New Book Illustrations - 355th FG, TFW

Discussion in 'Aircraft Pictures' started by drgondog, Apr 2, 2008.

  1. drgondog

    drgondog Well-Known Member

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    Thanks to Dan scaling the images from 6-8mb to less than 100kb, many of you can see the WIP of illustrations done by Steve Deisley for my new book.

    Over the next couple of weeks I will put in the side elevations of the P-47s and P-51s flown by 355th fighter pilots - most will be of the air aces. Seven DSC's, 21 air aces, 56 combined air and ground aces.

    This particular group has a very rich history in the USAAF and USAF, finishing 5th in air to air for the 8thAF, first in Ground scores and 3rd overall in German aircraft destroyed.

    During Korea it was in Air Defense Command and missed out in combat ops there

    In Vietnam it dropped 200,000 tons of bombs (about 1/3 total tonnage of all the B-17s in all theatres of WWII) on North Viet nam, in the most hostile environment of any target anywhere in the world as far as actual combat conditions - flying F-105s in both bombing and as Wild Weasels.. Two Medals of Honor, 5 AFC, 19 Migs destroyed (in self defense) and the highest losses to flak and SAM's.

    For the last 25 years, the 355th FW was/is responsible for training all A-10 pilots and has rotated squadrons into combat ops for both Afghanistan and Iraq.

    The 355th FGA Reunion this year is at Davis Monthan and will formally bring all vets of the entire 355th together for the first time and mark the first anniversary of new Association going forward.. passing the baton to the current and future leaders of this great unit.

    In short, a long and rich history

    The first and second images are of Henry Brown's last Mustang and Billy Hovde's last Mustang - both deceased, and Bill Cullerton's first P-51D Mustang. Cullerton is now only surviving 355th ace.

    Henry was Group's top ace, top scorer, and was leading 8th AF in active scoring after Godfrey, Goodson and Gabreski went POW while strafing. That was Brown's fate also on October 3, 1945 when he was shot down by flak. Lenfest, who was 354FS Ops officer to Marshall, was flying Marshall's Mustang and attempted a rescue. He stuck Jane III in the mud and both Brown and Lenfest ran for the trees. Al White, future B-70 test pilot, landed close by - prepared to give his Mustang up to them and take his chances.

    Discouraged, White took off and RTB. Allegedly Doolittle went ballistic as the 355th had already pulled off one rescue in August and Doolittle had issued orders "no more attempts".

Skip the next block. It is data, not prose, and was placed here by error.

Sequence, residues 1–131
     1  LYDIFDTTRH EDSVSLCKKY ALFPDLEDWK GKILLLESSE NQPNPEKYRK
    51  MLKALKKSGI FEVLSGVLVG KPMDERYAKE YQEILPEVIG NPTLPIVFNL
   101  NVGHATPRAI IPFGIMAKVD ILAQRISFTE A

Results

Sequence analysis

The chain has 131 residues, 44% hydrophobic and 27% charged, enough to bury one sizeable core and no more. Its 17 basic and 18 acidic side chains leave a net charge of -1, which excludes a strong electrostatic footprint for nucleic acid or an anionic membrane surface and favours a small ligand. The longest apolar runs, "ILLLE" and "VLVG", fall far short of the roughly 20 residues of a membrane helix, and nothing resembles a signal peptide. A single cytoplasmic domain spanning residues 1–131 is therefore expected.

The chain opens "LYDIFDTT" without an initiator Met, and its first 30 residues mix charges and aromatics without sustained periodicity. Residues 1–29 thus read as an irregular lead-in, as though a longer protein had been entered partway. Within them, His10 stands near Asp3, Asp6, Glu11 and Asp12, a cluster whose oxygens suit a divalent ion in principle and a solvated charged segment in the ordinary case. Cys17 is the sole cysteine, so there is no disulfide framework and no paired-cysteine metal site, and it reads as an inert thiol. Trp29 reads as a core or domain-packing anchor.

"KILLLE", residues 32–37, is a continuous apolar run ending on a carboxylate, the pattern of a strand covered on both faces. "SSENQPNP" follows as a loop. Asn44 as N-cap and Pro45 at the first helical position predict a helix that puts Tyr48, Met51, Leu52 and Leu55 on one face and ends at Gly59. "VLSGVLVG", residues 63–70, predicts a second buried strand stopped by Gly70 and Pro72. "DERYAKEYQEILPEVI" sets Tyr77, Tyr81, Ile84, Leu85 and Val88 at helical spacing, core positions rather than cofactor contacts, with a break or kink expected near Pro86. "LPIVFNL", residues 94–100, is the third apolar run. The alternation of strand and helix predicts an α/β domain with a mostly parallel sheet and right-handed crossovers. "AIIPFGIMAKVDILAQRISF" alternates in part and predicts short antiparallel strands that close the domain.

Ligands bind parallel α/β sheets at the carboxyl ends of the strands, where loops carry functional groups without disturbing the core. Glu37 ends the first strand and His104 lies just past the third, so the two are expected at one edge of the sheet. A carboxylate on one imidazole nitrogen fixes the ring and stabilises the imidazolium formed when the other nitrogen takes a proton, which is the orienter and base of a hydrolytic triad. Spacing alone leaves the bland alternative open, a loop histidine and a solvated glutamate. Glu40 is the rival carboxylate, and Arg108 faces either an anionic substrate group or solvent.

Henry Brown received a DSC for attacking, without ammunition, 5 Me 109s stalking two of his squadron members while returning from Berlin. He was seen and the 6 a/c went into a Lufberry. Brown succeeded in outurning, one after another, until all had split S and dove for the deck. One managed to climb back and get on his tail hitting him with a burst of 20mm. Brown avoided him and got away but his compass was damaged.. he managed to raise another pilot on the way home who gave him his heading back to Steeple Morden referenced to position of rivet on his windscreen support.

    Billy Hovde received his DSC for leading an attack with his 358FS near Berlin to break up two large Gaggles of Fw 190s and escorting 109s. In the fight he personally destroyed 5 Fw 190s, destroyed a 109 and shared another. The squadron destoyed 12 and the rest left before the rest of the 355th could come help. The B-24 Group Commander sent a car to the base to 'pick up' Hovde and kept him hostage for two days - waterboarding him with whiskey as punishment. He was rescued when ordered to London to make a PRO broadcast about the mission. Had to borrow a Class A uniform and poured into staff car to sober up on the trip to London.

    Hovde was the 'connection' that enabled my father to get essentially a rebuilt as new P-51D-25 in a USAF auction in late 50's - cheap. I miss him dearly.


    Bill Cullerton was second highest scorer on ground, had 13 of his 16 in two missions. In the second big mission he scored six on the ground and two Me 109s in the air over Borkheide, a big fight mostlt on the deck. He received a DSC for this mission on November 2, 1944.

    When he was shot down by flak on April 16, 1945 he was captured by a SS Lieutenant who took his .45 and shot him in the stomach. A German priest was nearby, rushed him to a hospital and Cullerton survived. When he returned to Steeple Morden everyone thought he was KIA - as his Mustang blew up on the deck and no one saw his parachute.
     

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  2. GreyWolf

    GreyWolf Member

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    cool thanks on the info and images, could mack for some good skinning.

    Salute Wolf
     
  3. Wayne Little

    Wayne Little Well-Known Member

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    Top stuff drgondog, thanks for the detail and profiles!
     
  4. Njaco

    Njaco The Pop-Tart Whisperer
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    Drgn, those stories would make for a great movie! Hardly ever see a WWII movie about US fighter pilots. Great stuff!
     
  5. drgondog

    drgondog Well-Known Member

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    I'm going to continue the Distinguished Service Cross winners as a priority. If I get Thorsness and Deflethson F-105's I will do their Medal of Honor missions. Thorsness' was on Dogfights last year.

    I will see him in three weeks. Balls of an elephant -as exemplified by all Wild Weasels.
     
  6. Wurger

    Wurger Siggy Master
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    Excellent work M8.:D :D
     
  7. Micdrow

    Micdrow “Archive”
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    Great info there drgondog, many thanks
     
  8. drgondog

    drgondog Well-Known Member

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    Dan continues to squeeze these into manageable chunks so that everybody can look (that want to look)..
     
  9. drgondog

    drgondog Well-Known Member

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    Henry Brown Bio

    Brown, Henry William Brown (Junior, Baby)
    Colonel
    Born 25 January, 1923 – Dallas, Texas.

    Joined USA Reserves December 1941, graduated from Flight School at Spence Field, GA as a Flight Officer in March 1943. Joined the 354FS/355th FG at Steeple Morden, England in November, 1943 and promoted to Lieutenant in January, 1944.

    On March 8, 1944 following a Berlin mission escort, Brown destroyed three Ju 88’s and a shared Me 110 at Hosepe Airfield to become the first 8th AF fighter pilot to destroy more than 3 in one day. Charlie Sweat was the first 355FG pilot to die strafing German airfields on the same day.

    He became the Group’s 5th ace on 24, April, 1944 and led the 355th in total air/ground scores on May 13 at the start of the 8thAF campaign against German oil industry.